After a couple of hours of hiking over streams, boulder fields, and dusty trails, we reached Nada Lake (bottom left) and the first moment in the hike where things really became picturesque. The deep blue water was inviting, but we had a long hike to go and hypothermia to avoid. Pictured bottom right, these Columbine flowers lined much of the trail above Nada Lake.

After cresting the boulder field above Nada Lake we had fairly level terrain to and around Snow Lakes. Snow Lakes is a popular camp spot with established sites overlooking the almost tropical-looking blue lake water. The mosquitoes were also camped here. Below left, the trail actually crosses at this dam between the Snow Lakes.

Getting to Snow Lakes is certainly a full day of hiking in itself, but Enchantments was the goal and Enchantments it would be. 1500 feet of elevation gain to go from Snow Lakes. Lots of cascading waterfalls on the next steep stretch of switchbacks.

And then suddenly we were scampering over a last stretch of rock and stumbling into a landscape that looked like it belonged in a Norwegian fjord, or a fairy tale. The first view you get as you top out is the picture on the left (cliffs above Lake Viviane) and then you swivel to the right and are peering up at a stunning spire of perched granite (Prusik Peak).

I was recharged instantly and spent the next half hour scampering around the rocks above Lake Vivianne. How is that color water even possible?

With our elevation gain largely done for the day, we set about finding a campsite, where the only difficulty we encountered was narrowing down our choices from all of the idyllic options. We eventually wandered past Lake Viviane across a sketchy-looking snow bridge and settled on a site on a peninsula within Leprechaun Lake with views of McClellan Peak across the water.

I set up my tent, cooked up a little couscous for dinner (Jetboil is the greatest invention ever), then explored the surrounding hills for a couple of hours. Returning to camp I bumped into a family of goats who tagged along with me all the way back into camp. A thermos of Jetboiled hot chocolate and one sunset later and all was right with the world.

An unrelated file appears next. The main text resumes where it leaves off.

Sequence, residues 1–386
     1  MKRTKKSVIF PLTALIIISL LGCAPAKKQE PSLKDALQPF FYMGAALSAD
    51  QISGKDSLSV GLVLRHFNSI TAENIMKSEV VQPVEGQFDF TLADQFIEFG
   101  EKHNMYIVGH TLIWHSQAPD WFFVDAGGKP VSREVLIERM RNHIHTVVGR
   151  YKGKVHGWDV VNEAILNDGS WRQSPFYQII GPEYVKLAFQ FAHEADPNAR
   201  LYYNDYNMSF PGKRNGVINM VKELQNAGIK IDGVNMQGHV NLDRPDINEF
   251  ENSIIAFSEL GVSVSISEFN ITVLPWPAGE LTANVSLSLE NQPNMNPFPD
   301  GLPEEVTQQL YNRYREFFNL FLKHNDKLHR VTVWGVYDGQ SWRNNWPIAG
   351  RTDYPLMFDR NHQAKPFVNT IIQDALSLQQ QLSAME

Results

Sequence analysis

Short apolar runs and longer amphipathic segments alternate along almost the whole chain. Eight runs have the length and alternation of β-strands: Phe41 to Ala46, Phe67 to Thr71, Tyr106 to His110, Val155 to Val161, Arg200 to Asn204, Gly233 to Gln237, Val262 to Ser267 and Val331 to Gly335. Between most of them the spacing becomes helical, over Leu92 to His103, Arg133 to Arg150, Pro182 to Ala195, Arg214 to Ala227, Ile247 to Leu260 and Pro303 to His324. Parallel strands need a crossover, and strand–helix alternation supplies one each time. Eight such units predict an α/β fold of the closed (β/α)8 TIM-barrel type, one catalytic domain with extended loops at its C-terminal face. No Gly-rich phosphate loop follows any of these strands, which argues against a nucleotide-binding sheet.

Oh, and I should mention the toilets. These may be some of the best views from a toilet you could ever ask for. Hats off to the Forest Service. Left: gazing up at Prusik while you handle your business. Right: views of Snow Lakes taken from a well-placed toilet.

Friday preview (peaks climbed): McClellan, East Dragontail, Dragontail, Witches Tower, Little Annapurna

Tue 29 Jul 08

There’s an exchange in Office Space that goes:

Peter Gibbons: So I was sitting in my cubicle today, and I realized, ever since I started working, every single day of my life has been worse than the day before it. So that means that every single day that you see me, that’s on the worst day of my life.
Dr. Swanson: What about today? Is today the worst day of your life?
Peter Gibbons: Yeah.
Dr. Swanson: Wow, that’s messed up.

For the most part I’ve pretty much found this to be true working in an office. Well, not my whole life, but my work life at least. Over time the little irritants become chronic pains. A coworker’s quirks begin to grate like nails on a chalkboard. You begin to anticipate how sluggish and out of sorts you’re going to feel at the end of the day and that anticipation just make it start a little sooner. Temperatures bug you. Signing Birthday cards bugs you. The sound of someone’s voice makes you want to punch them in the face. Or maybe I’m just being hypersensitive. I’m pretty sure Office Space speaks the truth though and I could probably find examples in my work space of every comedic moment in that movie. I honestly don’t know how anyone can stay with one job for more than a couple years.